West indian literature

The Church of Vietnam celebrates four centuries of Catholic literature

The Church in Vietnam rejoices to mark 400 years of its great contribution to national literature by publishing a collection of extensive research and material on Catholic publications.

Father John Vo Ta Khanh, who is responsible for Catholic documents in the Diocese of Qui Nhon, said Italian Jesuit Father Jeronimo Majorica created a wood-engraving press to make copies of Catholic documents in surname (south) characters. , the ancient writing system of Vietnam, into Thang Long (present-day Hanoi) in 1632. The establishment was destroyed by the authorities that year, but it deserved to be considered a milestone in the birth of Catholic literature in Vietnam.

Father Khanh, who is active in spreading Christian culture, said to mark the 400th anniversary of the printing of Catholic materials in 2032, he and a Catholic writer completed Around 400 years of Vietnamese Catholic literature (1632-2032)).

The book, a collection of 150 in-depth articles and research by 100 authors, including non-Catholics, provides a historical overview of Vietnamese Catholic literature over the past 400 years and applauds the efforts of Christian generations to contribute in a significant to the national literary treasure. .

The priest, who is also a poet, said the book focuses on early evangelistic efforts by foreign missionaries from the 16th century, the creation of the Romanized Quoc Ngu writing system by the Jesuits, church documents composed and published in Chu Nom and Quoc Ngu, translation of the Bible into local languages, and production of religious prose novels, poetry, chronicles, articles, dictionaries, research, prayer songs, classical dramas, newspapers and magazines during the four last centuries.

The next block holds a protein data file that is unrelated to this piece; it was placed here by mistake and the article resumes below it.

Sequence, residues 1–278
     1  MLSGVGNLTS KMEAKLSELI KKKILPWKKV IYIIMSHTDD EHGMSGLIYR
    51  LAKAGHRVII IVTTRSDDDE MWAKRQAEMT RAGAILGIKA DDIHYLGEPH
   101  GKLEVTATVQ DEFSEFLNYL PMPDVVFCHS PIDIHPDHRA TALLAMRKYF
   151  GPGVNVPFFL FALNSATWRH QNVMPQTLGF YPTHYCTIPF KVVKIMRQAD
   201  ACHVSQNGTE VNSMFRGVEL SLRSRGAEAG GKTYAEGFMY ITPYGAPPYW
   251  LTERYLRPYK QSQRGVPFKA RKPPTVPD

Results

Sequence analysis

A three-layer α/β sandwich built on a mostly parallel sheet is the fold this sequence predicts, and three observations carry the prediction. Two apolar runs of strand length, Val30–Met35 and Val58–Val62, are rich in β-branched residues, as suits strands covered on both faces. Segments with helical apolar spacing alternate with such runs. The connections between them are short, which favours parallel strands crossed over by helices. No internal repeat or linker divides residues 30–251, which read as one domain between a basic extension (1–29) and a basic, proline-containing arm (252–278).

Quoc Ngu was officially taught in schools and became Vietnam’s authorized script in 1919, while Chu Nom fell into disuse in the late 19th century.

We hope that our work will inspire younger generations to participate in Catholic cultural and literary research and local languages ​​to express Gospel values ​​to others.

Father Khanh said the book is available in electronic form on church websites in Vietnamese so that all people, including non-Catholics, can learn about the great contributions of Catholics to national culture and literature and interested in Catholicism.

He said he was raising funds to print copies of the 1,500-page three-volume book in May and make it available to 10,000 seminarians and religious students in seminaries and houses of study across the country. .

Father Khanh said seminarians and religious students should learn the history of Vietnamese Catholic literature to help stimulate interest in the native language and evangelization among them.

The subject will provide students with a framework for studying missionary history. The history of Catholic literature is both the skeleton and the soul of missionary history, and a testimony to the missionary spirit and experience in the country.

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He said his book was among the references on the subject.

“We hope our work will inspire younger generations to participate in Catholic cultural and literary research and local languages ​​to express Gospel values ​​to other people,” he said.

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